“For Pete’s sake, Sir, teach the men not to be ‘trigger happy.’ (Note: an expression used on Guadalcanal for men who are very nervous and who fire without seeing the enemy. This man is dangerous and has caused a lot of trouble . . .)”
Russel P. Reeder, jr. Fighting on Guadalcanal (Washington: Government Printing Office, 1943).
Skittish souls say they are “triggered” when a traumatic and allegedly repressed memory is recalled by a “triggering” phrase, image or act. And souls even more sensitive therefore tell us we must set out “trigger warnings” whenever there are “triggers ahead.” Devising a “trigger warning” that is not itself “triggering” requires uncommon subtlety and skill, such as might be demanded of a highway department that was forbidden to mention roadwork, or a janitor sworn to silence on the matter of wet floors.
Freudian repression lies at the back of this theory. Freud tells us that the unconscious mind is a seething cauldron of dangerous desires and shameful memories, and that the lid on this cauldron is held in place by stout clamps of ego defense. Indeed these clamps are so stout that the human psyche more closely resembles a pressure-cooker than a cauldron, but the lid nevertheless leaks jets of neurotic steam. In Freud’s mind, relieving the psychic pressure of his patients was only somewhat less important than depositing their fees in the bank account of S. Freud.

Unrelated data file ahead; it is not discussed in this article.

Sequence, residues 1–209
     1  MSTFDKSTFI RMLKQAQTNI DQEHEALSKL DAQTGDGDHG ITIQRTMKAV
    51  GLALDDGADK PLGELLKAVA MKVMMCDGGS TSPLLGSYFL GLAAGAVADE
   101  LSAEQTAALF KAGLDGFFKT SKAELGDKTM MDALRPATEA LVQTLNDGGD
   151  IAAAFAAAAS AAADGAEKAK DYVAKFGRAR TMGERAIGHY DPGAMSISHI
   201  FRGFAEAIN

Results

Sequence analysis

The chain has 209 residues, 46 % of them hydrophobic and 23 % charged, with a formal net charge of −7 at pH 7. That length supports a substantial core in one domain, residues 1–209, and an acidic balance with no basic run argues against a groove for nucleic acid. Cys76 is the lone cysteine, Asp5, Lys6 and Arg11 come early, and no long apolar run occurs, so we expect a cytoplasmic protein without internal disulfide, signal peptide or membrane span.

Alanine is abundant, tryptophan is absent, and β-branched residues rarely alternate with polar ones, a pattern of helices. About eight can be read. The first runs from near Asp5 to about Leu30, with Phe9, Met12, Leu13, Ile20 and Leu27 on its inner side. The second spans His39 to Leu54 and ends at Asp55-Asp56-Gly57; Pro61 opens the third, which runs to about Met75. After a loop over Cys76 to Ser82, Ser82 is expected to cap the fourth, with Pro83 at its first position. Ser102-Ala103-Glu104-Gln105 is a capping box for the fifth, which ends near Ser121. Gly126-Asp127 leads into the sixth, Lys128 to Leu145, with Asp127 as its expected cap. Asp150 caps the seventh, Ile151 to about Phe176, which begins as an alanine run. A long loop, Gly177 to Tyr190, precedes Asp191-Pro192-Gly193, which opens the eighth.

There are, no doubt, genuine and pitiful cases of repressed trauma. But like all genuine and pitiful cases, they have been swamped by a crowd of impostors–in this case trigger-happy impostors. These impostors are trigger-happy because they are happy to be triggered, and they are happy to be triggered because triggering excuses wrath.
And what is happier than that!
You will know an impostor by the fact that his traumatic memory is not repressed. In fact, he thinks and talks about little else. The Freudian neurotic cannot live with the traumatic memory; the trigger-happy impostor cannot live without it. A “survivor” of the remembered event (sometimes altogether imaginary) is who he is. And if you trigger one of these trigger-happy fraudsters, the object of his wrath is who you will be.
And this is the key to the essential difference between the pitiful cases who have repressed their traumatic memory and the impostors who are obsessed by their traumatic memory. If you trigger a pitiful case, you will hurt him. If you trigger an impostor, he will hurt you.